That led to Comey’s unusual news conference in July, when he announced he had finished an investigation into whether Clinton had mishandled classified information during her tenure as secretary of state. He recommended she not be charged.

DOJ officials said that Lynch and Comey did not have a direct conversation about Comey’s decision to inform lawmakers of newly discovered emails.

The emails, which number in the thousands, were found on a computer used by Weiner, now under investigation after allegedly sending sexually explicit messages to a minor, and top Clinton aide Huma Abedin, who is Weiner’s wife. The two recently separated.

The emails may duplicate some of those already reviewed, and officials still are not sure of their significance. While the FBI had legal authority to search Weiner’s laptop for evidence related to his case of sexting a minor, it could not seize emails related to the Clinton server case. That would require a separate search warrant or the consent of the people whose emails were gathered.

Comey said that once FBI officials decided to review the newly discovered batch of emails found on the Weiner computer, and examine its significance to the Clinton investigation, the law enforcement activity would soon become public.

“How would that look?” an official asked. “And how do you then explain it? What impact would that have had to hold onto this information for a couple of weeks?”

Michael Vatis, a former senior Justice Department official who is now a partner at Steptoe & Johnson, said Comey was probably trying to be transparent. But “transparency is not the foremost value in investigations. Fairness is,” he said.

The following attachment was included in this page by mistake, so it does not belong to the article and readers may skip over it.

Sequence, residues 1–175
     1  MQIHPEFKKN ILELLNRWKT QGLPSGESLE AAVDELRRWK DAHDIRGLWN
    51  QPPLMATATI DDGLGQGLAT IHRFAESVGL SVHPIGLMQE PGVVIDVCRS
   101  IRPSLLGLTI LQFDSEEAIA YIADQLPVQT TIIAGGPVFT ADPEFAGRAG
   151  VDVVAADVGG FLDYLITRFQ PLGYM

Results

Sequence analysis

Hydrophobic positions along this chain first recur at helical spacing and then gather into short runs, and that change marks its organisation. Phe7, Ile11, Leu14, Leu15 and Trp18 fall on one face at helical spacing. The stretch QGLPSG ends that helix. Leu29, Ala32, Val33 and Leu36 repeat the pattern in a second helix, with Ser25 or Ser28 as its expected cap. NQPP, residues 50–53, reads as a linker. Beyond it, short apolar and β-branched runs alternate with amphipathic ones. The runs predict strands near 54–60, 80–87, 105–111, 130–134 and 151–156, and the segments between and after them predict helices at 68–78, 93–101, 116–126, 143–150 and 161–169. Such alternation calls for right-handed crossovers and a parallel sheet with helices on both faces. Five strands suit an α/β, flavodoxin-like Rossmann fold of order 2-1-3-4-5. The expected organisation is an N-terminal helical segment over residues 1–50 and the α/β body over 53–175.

“His statement has, quite predictably, been blown out of proportion and twisted into a signifier of some momentous discovery, when in fact, the new emails may turn out to reveal nothing new at all,” he said. “That’s not fair to Clinton.”

A 2012 Justice Department memo sent by Holder during the last presidential race said employees “must be particularly sensitive to safeguarding the Department’s reputation for fairness, neutrality, and nonpartisanship.”

The memo advised that if an employee was “faced with a question regarding the timing of charges or overt investigative steps near the time of a primary or general election,” the employee should contact the department’s public integrity section “for further guidance.”

An expert on legal ethics, Stephen Gillers of New York University School of Law said he was disturbed by Comey’s conduct during this election season.

“Comey’s July press conference was wrong, and now he has doubled down,” Gillers said. “The FBI’s job is to gather information for and make a recommendation to DOJ lawyers, not to hold press conferences and characterize the evidence. Tolerating that conduct from an FBI director sets a terrible precedent.”

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Adam Entous, Jenna Johnson and Matt Zapotosky contributed to this report.